JENNA: It was a miracle for her. I wasn’t entirely certain that I believed in the dairy-free thing. I knew it was going to be tough, and it was. It’s hard to get into it initially, and finding substitutes is difficult for some things. I am a foodie so for most things there are no substitutes. I was the last person that I thought would be able to do that from a will power stand point, but obviously it was so worth the result. I just wanted her to feel better. It’s such a small price to pay. I am not an expert on it. All I can say is, when I started going dairy-free, 8-10 days later, perhaps it was coincidence, I saw a huge difference. She had been projectile-vomiting like The Exorcist prior to that.

After explaining that any strange noises I may hear are from her other pug snoring at the foot of the computer, (which she tells me is propped up on her daughter’s high chair), we start talking about Jenna’s exquisite writing and the courageous way in which she shares her life experiences as a mom.

CASEY: I am really touched by your writing and how real it is. I particularly loved your story about going to Target and getting your first post-pregnancy bathing suit because your pre-baby bathing suits did not fit. We all go through all of these things. In a world where you hear women on television have a baby and then strut down the Victoria Secret Runway weeks later— which is great if you can do it…

JENNA: Not everyone can do that in this life. Not everyone is going to be a supermodel, and whip back into shape. When you see people in the press that lost their post-pregnancy weight that quickly, assuming they did it in a healthy way, it’s because that’s their body type. I’m five feet tall, so that is not my body type and I am okay with that. If I’m going to have a voice as a mom and as an actress, and if I’m going to use my blogs as a platform to stand up and voice my opinions, I really feel it’s imperative that I make sure there’s honesty and vulnerability in my words. I appreciate the celebrity bloggers who are telling the truth, who are willing to stand up and say, “okay, I am totally imperfect; I am very flawed.” I have insecurities about being a mom. For example, when I started breastfeeding my child, I worried if I was giving her enough food, or if I was over feeding her. I have all the same worries that every mom out there has, and if I don’t share that, if I am not honest about it, what’s the point of being out there to begin with?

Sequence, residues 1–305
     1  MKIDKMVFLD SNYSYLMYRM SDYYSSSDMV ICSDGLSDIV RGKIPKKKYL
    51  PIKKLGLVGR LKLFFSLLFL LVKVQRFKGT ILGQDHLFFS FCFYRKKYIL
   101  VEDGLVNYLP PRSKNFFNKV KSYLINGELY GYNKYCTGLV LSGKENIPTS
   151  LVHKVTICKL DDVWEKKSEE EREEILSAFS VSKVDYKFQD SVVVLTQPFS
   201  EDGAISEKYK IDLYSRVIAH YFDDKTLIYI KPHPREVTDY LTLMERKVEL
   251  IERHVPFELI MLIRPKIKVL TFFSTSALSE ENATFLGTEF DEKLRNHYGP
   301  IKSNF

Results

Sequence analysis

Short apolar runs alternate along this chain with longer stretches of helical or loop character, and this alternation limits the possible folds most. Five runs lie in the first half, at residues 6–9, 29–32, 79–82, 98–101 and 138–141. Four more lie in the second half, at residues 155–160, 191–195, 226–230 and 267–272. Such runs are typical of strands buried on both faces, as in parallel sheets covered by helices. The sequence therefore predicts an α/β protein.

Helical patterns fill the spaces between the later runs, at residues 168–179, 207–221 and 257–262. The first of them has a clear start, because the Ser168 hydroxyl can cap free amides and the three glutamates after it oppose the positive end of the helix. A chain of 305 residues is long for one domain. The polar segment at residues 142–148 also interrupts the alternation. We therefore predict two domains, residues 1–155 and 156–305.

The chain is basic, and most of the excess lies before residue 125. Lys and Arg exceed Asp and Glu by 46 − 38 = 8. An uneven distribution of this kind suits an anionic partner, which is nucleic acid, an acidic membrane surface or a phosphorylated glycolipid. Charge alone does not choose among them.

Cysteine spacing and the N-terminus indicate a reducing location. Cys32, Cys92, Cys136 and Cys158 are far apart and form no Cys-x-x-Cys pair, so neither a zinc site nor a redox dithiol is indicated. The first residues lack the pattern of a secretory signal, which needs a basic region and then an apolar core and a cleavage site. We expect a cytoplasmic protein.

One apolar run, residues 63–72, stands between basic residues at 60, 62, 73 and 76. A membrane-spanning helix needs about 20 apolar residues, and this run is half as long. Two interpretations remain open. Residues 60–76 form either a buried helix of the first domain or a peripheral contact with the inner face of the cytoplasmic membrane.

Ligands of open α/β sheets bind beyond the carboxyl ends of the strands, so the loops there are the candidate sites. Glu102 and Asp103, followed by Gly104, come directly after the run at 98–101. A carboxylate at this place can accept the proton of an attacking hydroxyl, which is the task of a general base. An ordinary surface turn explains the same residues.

CASEY: I think there is a lot of strength in your voice because you are a celebrity. The fact that you are using that strength to talk about things that are universal, to talk about things that leave you vulnerable, to connect to other women, is wonderful. So many people don’t talk about the real stuff.

JENNA: It’s a risk to put opinions out there about parenthood. There’s a lot of blame that goes around where parenthood is concerned because everyone wants to feel like they’re doing the best job they can. For instance, Gray was at a birthday party a few months ago. She was just starting on solid foods and was only eating pureed stuff. I love to cook so instead of spending a ton of money on store-bought food, I make a bunch of food and put it in travel pouches so I can take it with us. One of the fathers there said, “I’ve never seen that kind of pouch before. What brand is that?” I told him I’d made it at home and put it into the pouch myself. His wife happened to walk up at that same time and said, “Well, I did that with our first child too. But once you have another one, you don’t have time anymore. It’s not saying anything against us as parents.” She immediately got defensive, and took it as a personal affront, as if I was saying they weren’t doing the right thing by not making their food at home. Which I would never say! I felt bad because we have created this motherhood forum where everybody is afraid they are not doing the “right” thing. When you are a parent who takes a risk, who voices an opinion and puts it out there, it does open the door for some backlash. Inevitably there are going to be parents who are worried that what you are saying is, “My way is the best way. I am the better parent because I choose to do this.” When in fact what you are saying is, “Hey is anybody else out there choosing this same route? Let’s be supportive of one another.”